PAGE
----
Stories from the field Category
We managed to travel to the northwest region of Namibia for a relief trip. We arrived at a gathering of over 720 Angolan men, women and children, who until this day sleep under trees to escape the sun’s intense rays. Severe drought in southern Angola left these families no choice but to flee from their homes. Their water supply dwindled, their crops and livestock devastated, their livelihoods at a standstill for the most affected areas of Angola. Their decision was a matter of life or death. Hunger overwhelms the people.
We met a woman named Yambeko. Yambeko means blessing, and a blessing she is indeed. Yambeko is from Namibia. She volunteered to care for these Angolan refugees by preparing food for them from her own pocket. No one asked Yambeko to help these people in need—she simply would not look the other way.
Yambeko explained that when they first arrived, people were dying right in front of her face. In her desperation to help these families, Yambeko first boiled water mixed with salt and sugar for the people to drink and gain energy since most of them were unable to walk or talk. Then she began making whatever food she could to feed every mouth she could reach. “Most of the people were near death, and middle-aged men and women looked over 70 years old when I first met them,” Yambeko described, “after I started feeding them, they began to recover and feel much better.”
I also had an opportunity to hear from the migrants themselves and how they managed to escape their country due to the extreme drought in their region. The conditions for refugees fleeing Angola here are severe. Heatstroke, sickness, homelessness, hunger and death. A heart-wrenching reality.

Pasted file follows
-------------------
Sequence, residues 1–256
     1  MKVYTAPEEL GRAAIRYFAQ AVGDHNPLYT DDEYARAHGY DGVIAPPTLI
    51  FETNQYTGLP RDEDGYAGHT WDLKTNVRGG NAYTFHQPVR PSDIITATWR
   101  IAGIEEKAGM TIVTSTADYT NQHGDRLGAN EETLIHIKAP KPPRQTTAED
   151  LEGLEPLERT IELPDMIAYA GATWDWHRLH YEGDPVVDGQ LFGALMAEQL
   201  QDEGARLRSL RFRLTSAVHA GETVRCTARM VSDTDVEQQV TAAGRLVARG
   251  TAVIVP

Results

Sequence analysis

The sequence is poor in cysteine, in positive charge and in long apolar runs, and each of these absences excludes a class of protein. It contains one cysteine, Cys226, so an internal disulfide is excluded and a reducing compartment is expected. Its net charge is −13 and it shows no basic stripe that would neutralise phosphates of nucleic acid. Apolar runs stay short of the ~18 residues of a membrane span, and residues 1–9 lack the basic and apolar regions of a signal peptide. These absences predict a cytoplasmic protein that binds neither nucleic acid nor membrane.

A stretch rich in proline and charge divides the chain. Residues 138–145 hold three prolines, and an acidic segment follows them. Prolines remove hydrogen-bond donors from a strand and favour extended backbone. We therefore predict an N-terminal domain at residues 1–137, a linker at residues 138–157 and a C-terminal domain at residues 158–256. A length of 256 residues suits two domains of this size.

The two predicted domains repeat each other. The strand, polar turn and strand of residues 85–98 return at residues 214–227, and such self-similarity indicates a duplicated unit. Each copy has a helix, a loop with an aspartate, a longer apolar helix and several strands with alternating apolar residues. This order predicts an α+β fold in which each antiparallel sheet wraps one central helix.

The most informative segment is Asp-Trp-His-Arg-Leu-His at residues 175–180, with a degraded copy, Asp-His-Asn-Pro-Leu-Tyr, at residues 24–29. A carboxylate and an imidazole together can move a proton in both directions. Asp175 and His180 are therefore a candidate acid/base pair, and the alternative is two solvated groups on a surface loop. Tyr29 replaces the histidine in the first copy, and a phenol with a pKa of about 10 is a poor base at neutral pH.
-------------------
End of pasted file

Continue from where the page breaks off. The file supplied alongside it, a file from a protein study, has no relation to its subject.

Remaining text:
Tears welled up in one elderly woman’s eyes as she described all they had been through on the way to Namibia. “It was horrible,” she whispered, “I only have one granddaughter left, and she is fighting for her life.” In their hardship, these people mourn the loss of their children, mothers, fathers and loved ones. Most of the people have lost family members on their journey to Namibia alone.
My friends, these people are faced with many challenges, as you can imagine. But when you ask them their needs, most will only tell you of their hunger.
It is a blessing for me to have gone up there with my wife. She provided the children with medical checkups and identified some medications they’ll need. The relief aid we provided for refugees included hot meals and staple food items, medical care and blankets.
I felt it necessary to tell them about our international friends in Canada and your contributions toward the relief initiative. The people send their greetings, thanksgiving and love.
From my wife and I, we are truly blessed to have partnered with you in this long journey of sacrifices. We are trusting the Almighty God that you will not give up sharing your blessings with strangers. Your generosity is highly appreciated, and may God richly bless you.
World Refugee Day is on June 20. Throughout the month of June, we will highlight a few refugee groups of today to raise awareness and global support for displaced people around the world. Join us in prayer and support today.
“He loves the alien, giving him food and clothing.” Deuteronomy 10:18